And my suggestion would actually be to do it with FETs (field effect transistors) rather than BJTs (bipolar junction transistors, or simply "transistors"). Modern power FETs have incredibly low on-resistance and therefore very high current-carrying ability. And FETs are, generally speaking, much friendlier devices to design with than BJTs. If I were to do a modern clean-sheet design for the electrical system, it would definitely use FETs for the main power switching.

P.S. You're getting good at this! Want to trade jobs for a week? What do you fly?
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  #17  
Old 03-01-2012, 04:46 AM
PaigeHoffart PaigeHoffart is offline
 
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Default Is it aircrews proof?

Your topology looks very similar to a Boeing design...we actually checked the circuit during ground ops, each flight. In about 1500 hours, I saw 2 failures of the relays...which probably had 18,000 hours on them.

One potential gotcha that I see:
Let's say that you are flying along and experience an alternator failure. You are aware of the potential switching transient, and decide to play it safe and turn standby power on before you kill the master switch. When you kill the master, your relay will remain engaged, drawing power through the essential buss...your entire electrical load will flow through the standby power feed.

If there is a good load, a fuse will blow, or a CB will pop. Fuses are generally faster acting than CBs, so I wouldn't be surprised if the 25A battery fuse blows. Now you are stuck with turning your master switch on, and manually shedding loads.

If the load remains low enough to keep from blowing a fuse or CB, you will just waste power (relay holding current and other loads that you probably thought were shed when you killed the master)

So how do you prevent this? You could add a caution to the POH, or you could design that failure mode out by wiring your relay coil through a second pole in your selector switch. (what's the current rating on that switch?)

BTW, with a "diode or" circuit, there are gotcha's also...a transient essential buss short could take out both feeds.



Paige
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  #18  
Old 03-01-2012, 07:06 AM
paul330 paul330 is offline
 
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Quote:
Originally Posted by PaigeHoffart View Post
Your topology looks very similar to a Boeing design...we actually checked the circuit during ground ops, each flight. In about 1500 hours, I saw 2 failures of the relays...which probably had 18,000 hours on them.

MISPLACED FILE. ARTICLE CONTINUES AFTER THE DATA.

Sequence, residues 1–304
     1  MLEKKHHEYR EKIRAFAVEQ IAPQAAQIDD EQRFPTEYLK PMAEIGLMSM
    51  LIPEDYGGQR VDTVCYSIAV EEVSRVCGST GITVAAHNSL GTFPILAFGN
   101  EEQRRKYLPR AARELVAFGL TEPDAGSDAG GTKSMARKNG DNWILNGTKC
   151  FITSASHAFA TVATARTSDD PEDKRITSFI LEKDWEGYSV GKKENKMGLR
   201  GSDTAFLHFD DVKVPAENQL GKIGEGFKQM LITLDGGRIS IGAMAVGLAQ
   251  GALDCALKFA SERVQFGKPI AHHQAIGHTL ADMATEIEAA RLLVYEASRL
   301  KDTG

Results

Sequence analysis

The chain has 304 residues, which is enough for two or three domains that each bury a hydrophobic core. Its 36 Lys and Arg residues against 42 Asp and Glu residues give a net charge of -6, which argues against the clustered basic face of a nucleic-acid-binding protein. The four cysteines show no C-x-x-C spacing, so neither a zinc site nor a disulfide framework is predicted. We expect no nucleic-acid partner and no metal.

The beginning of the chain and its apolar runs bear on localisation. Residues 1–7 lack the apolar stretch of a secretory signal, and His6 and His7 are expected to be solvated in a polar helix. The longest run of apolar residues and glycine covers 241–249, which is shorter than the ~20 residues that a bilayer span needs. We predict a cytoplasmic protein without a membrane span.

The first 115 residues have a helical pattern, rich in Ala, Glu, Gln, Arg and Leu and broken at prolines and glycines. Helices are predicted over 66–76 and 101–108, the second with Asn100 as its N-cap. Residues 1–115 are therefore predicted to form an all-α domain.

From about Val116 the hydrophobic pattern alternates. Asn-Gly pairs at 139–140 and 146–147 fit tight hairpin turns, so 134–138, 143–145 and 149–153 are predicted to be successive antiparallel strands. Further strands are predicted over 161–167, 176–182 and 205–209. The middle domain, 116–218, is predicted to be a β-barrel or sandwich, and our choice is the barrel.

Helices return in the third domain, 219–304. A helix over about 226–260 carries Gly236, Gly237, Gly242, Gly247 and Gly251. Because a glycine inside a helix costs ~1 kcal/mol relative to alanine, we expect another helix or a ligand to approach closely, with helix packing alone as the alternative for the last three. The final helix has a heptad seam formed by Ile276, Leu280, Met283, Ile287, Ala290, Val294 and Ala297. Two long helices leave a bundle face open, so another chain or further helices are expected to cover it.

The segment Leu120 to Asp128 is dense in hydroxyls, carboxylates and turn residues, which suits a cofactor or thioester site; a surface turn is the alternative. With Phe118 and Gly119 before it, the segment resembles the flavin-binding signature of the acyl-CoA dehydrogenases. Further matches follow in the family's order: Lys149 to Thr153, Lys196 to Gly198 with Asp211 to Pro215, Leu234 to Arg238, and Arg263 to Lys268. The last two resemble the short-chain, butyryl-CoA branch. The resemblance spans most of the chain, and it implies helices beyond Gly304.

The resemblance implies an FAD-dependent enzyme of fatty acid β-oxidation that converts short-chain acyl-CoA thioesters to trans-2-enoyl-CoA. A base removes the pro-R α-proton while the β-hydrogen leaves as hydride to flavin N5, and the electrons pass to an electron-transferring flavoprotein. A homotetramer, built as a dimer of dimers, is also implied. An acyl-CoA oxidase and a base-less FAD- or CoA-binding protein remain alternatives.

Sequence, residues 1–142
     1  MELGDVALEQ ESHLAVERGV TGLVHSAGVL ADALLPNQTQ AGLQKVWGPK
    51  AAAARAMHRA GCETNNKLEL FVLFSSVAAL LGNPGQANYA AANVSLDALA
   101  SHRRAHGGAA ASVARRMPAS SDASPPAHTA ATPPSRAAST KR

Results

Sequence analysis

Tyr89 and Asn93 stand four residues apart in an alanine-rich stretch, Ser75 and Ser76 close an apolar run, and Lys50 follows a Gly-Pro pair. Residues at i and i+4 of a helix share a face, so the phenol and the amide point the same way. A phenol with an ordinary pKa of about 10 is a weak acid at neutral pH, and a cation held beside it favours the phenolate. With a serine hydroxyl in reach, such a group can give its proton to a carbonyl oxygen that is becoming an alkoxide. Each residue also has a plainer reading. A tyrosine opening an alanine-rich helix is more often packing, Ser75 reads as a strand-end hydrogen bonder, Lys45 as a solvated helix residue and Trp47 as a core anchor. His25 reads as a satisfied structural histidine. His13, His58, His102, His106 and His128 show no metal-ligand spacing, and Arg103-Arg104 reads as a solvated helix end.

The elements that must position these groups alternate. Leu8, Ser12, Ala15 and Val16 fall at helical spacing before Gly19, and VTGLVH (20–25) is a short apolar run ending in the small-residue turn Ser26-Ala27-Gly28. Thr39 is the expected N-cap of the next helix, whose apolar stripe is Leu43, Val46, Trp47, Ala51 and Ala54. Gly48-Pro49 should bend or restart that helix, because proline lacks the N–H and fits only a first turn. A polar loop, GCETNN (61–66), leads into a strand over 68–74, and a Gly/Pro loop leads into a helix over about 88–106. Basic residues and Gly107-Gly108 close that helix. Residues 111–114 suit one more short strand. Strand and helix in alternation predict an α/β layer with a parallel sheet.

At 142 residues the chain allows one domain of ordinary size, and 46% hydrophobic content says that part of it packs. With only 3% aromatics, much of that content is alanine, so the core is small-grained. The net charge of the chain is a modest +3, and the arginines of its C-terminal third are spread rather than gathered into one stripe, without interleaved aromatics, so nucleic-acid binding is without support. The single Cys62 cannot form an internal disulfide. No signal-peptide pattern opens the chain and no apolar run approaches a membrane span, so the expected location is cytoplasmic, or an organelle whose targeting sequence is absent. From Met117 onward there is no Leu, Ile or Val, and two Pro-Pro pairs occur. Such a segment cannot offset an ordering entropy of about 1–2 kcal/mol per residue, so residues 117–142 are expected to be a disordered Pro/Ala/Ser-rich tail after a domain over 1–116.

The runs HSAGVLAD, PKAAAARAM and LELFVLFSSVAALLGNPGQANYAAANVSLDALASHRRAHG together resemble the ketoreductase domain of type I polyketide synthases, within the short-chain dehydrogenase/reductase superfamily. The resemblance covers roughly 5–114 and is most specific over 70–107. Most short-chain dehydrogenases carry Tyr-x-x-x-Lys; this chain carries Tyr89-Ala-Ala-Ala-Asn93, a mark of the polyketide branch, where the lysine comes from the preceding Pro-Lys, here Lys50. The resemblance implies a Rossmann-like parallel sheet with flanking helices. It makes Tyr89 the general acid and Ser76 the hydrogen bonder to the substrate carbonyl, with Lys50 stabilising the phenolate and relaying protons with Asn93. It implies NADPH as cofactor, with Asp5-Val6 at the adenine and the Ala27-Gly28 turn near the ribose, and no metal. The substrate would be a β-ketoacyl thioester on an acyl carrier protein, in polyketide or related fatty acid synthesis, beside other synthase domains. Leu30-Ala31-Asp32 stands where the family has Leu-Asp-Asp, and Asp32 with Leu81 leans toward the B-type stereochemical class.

One potential gotcha that I see:
Let's say that you are flying along and experience an alternator failure. You are aware of the potential switching transient, and decide to play it safe and turn standby power on before you kill the master switch. When you kill the master, your relay will remain engaged, drawing power through the essential buss...your entire electrical load will flow through the standby power feed.

Paige
Yes, you are right. I haven't shown all the failure modes. The idea with a main ALT failure would be to leave it in AUTO - initially, you have lost nothing. Then looking at your flight time and load requirements, you start the standby generator and accept a drain on the battery or switch off the Batt Master and run on Standby Power indefinitely - yes, the POH would have to be written accordingly. The way I have the circuits configured, the main drains off the Main Buss are the external lighting which can be switched back on for landing.

Funny, I am flying the B747-400 so maybe that is where I got the idea from. A lot of aircraft I have flown have had the AUTO/OFF/ON algorithm and I think it is pretty sound.
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  #19  
Old 03-01-2012, 07:18 AM
paul330 paul330 is offline
 
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Originally Posted by roee View Post
Yes! You can eliminate the diode drops altogether by using transistors instead. But then the circuit design and analysis will get much more involved. Extra credit if you can pull this off!
So, you replace the diode on the discharge circuit with a NOT gate - controlled by a feed from the charge circuit upstream of the resistor.

I am going to be in SFO next week and there is a Radio Shack at the bottom of the street from our hotel. For a few bucks, I am going to buy the bits and build this design (just resistors and diodes) and see if it works.

And sorry, flying B747-400 out of Hong Kong and not prepared to swap....
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  #20  
Old 03-01-2012, 09:40 AM
krw5927 krw5927 is offline
 
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What would happen if the negative terminal screw into the battery were to come loose and you lost that connection? Would either bus work? Would it dump charge into the airframe with a steadily decreasing potential (voltage) between the positive terminal (or alternator, or stby generator) and the airframe?

Wondering if there's not still a single point of failure in our single battery systems.

Of course you'd still have your Skyviews with backup batteries, but would anything else be operational? Or would it not matter one bit and everything would continue to work?